The Save Our Sundre committee, formed early last year to petition for changes to the course of the Red Deer River in order to keep erosion from endangering the town, has disbanded.
Spokesman Myron Thompson said the committee met on Tuesday morning and decided to suspend itself until after municipal elections on Oct. 18.
“To put it in plain language, the town as far as I’m concerned has dropped the ball,” Thompson said.
“We just don’t know what we can do any further than what we’ve already done. . . . We’ve gone as far as we can with this elected body and we’re going to see what we get for the next election.”
Also meeting Tuesday were Mayor Roy Cummings and director of operational services Ron Baker, who were set to tour the riverbank area.
“The river is up right now and it’s chewing away, not in our most vulnerable spot, but just downstream of it it’s eroding the bank,” said Baker.
Baker made a presentation to the town’s governance committee on Monday night outlining what progress had been recently made on the matter.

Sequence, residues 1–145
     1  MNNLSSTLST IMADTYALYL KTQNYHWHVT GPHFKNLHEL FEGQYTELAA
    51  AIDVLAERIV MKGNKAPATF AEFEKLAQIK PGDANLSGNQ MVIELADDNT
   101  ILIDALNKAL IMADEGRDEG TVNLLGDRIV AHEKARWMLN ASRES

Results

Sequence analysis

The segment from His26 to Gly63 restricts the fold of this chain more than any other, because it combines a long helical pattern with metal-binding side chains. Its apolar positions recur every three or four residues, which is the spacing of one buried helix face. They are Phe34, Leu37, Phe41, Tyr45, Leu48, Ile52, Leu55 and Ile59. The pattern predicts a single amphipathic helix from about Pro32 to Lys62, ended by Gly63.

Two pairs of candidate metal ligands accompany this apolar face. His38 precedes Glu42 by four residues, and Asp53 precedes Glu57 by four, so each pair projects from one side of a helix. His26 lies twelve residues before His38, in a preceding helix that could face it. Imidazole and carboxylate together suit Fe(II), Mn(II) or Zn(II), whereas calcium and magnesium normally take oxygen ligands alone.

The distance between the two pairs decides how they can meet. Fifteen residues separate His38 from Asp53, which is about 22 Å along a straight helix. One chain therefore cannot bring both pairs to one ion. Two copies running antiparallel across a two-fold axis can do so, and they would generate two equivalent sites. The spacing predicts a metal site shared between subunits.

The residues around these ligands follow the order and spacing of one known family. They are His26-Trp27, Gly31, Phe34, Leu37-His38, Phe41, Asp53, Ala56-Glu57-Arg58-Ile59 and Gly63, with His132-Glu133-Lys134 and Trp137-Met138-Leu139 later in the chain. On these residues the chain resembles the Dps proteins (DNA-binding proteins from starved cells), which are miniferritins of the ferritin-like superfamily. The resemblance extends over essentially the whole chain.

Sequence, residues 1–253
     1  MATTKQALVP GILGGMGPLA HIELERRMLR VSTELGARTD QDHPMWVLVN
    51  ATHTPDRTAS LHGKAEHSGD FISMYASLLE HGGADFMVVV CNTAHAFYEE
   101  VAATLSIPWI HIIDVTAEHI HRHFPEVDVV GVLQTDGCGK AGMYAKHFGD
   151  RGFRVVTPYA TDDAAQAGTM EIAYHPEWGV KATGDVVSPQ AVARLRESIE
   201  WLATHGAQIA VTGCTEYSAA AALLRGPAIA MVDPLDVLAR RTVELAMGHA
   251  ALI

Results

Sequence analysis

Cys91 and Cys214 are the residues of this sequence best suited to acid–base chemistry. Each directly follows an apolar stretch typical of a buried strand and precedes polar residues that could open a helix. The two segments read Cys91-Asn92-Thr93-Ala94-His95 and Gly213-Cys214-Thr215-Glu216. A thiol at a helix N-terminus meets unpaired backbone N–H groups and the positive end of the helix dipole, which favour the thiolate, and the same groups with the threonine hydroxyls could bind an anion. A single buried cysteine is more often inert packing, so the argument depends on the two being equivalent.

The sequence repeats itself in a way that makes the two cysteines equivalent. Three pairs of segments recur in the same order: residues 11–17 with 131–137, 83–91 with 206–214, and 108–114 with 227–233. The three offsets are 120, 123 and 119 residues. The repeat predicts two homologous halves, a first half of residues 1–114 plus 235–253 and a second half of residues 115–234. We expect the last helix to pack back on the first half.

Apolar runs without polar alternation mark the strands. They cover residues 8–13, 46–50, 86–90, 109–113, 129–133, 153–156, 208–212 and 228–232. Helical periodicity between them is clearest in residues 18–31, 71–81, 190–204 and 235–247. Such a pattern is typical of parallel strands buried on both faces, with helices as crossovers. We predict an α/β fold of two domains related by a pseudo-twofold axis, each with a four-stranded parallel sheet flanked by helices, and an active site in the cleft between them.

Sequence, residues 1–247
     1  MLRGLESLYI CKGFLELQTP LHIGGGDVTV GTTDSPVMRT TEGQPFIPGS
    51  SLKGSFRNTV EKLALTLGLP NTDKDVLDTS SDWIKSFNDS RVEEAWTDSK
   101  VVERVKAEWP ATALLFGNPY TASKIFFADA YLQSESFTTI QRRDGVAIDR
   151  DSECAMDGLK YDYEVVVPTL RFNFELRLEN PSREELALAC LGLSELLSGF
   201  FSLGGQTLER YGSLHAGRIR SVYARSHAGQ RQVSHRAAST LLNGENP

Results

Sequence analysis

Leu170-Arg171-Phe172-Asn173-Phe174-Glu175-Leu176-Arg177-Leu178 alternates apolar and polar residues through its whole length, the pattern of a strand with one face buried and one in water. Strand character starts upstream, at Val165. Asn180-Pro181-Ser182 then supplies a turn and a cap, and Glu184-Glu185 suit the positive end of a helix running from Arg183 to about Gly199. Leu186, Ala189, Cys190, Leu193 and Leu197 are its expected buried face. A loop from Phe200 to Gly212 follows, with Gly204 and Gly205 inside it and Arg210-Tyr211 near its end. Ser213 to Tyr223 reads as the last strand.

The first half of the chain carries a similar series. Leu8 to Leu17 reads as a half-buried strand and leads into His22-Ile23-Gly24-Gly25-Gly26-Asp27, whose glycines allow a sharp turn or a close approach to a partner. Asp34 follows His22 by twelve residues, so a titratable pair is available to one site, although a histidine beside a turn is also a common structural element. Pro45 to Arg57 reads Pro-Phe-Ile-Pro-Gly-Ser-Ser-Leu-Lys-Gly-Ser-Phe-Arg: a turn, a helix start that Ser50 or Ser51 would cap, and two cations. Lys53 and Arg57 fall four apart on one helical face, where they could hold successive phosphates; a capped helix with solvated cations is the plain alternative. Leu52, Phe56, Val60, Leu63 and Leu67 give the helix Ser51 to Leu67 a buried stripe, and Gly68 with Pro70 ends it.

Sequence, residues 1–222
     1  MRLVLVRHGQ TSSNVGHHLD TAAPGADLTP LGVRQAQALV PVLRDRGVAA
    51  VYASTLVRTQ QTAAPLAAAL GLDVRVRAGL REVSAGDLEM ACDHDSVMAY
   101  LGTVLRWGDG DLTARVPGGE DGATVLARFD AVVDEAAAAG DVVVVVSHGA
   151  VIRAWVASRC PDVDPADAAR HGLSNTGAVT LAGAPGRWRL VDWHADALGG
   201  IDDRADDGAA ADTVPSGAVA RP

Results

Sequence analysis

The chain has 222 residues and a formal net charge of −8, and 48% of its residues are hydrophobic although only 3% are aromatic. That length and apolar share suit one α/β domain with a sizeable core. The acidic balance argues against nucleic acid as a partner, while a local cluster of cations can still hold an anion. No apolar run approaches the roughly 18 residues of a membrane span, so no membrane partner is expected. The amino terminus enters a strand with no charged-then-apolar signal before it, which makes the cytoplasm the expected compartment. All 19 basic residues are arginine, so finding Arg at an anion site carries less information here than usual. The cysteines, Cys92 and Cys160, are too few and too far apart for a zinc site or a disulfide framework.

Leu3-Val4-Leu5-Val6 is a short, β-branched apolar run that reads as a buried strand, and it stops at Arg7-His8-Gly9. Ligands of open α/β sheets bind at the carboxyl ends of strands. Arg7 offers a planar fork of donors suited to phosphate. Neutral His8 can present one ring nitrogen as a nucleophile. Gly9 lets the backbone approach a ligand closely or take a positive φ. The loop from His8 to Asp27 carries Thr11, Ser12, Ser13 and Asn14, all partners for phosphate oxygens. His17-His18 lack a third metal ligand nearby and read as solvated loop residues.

He met with the Department of Fisheries and Oceans and Alberta Environment last month and was told the study commissioned by the town and completed by Stantec Consulting lacked details, like construction drawings and timelines, necessary for approval for a project.
“Basically the real nuts and bolts of the job. . . . We need a bunch more money to do that,” said Baker, adding he was expecting to sit down soon with Cummings and MP Blake Richards to ponder funding possibilities for further study.
This is exactly the kind of money trouble that galls Thompson. He said the town should have long ago secured infrastructure funding by working with the provincial and federal governments.
“Pure and simple, it just hasn’t been done,” said Thompson.
“(The riverbank) is eroding like crazy . . . it’s just continuing to fall into the river, steady as you go.”
Thompson said that although no formal decisions had been made on the three solutions proposed in the Stantec study — options that range in cost from $500,000 to $1.5 million — they would most likely armour the bank with riprap and/or build spurs out into the river.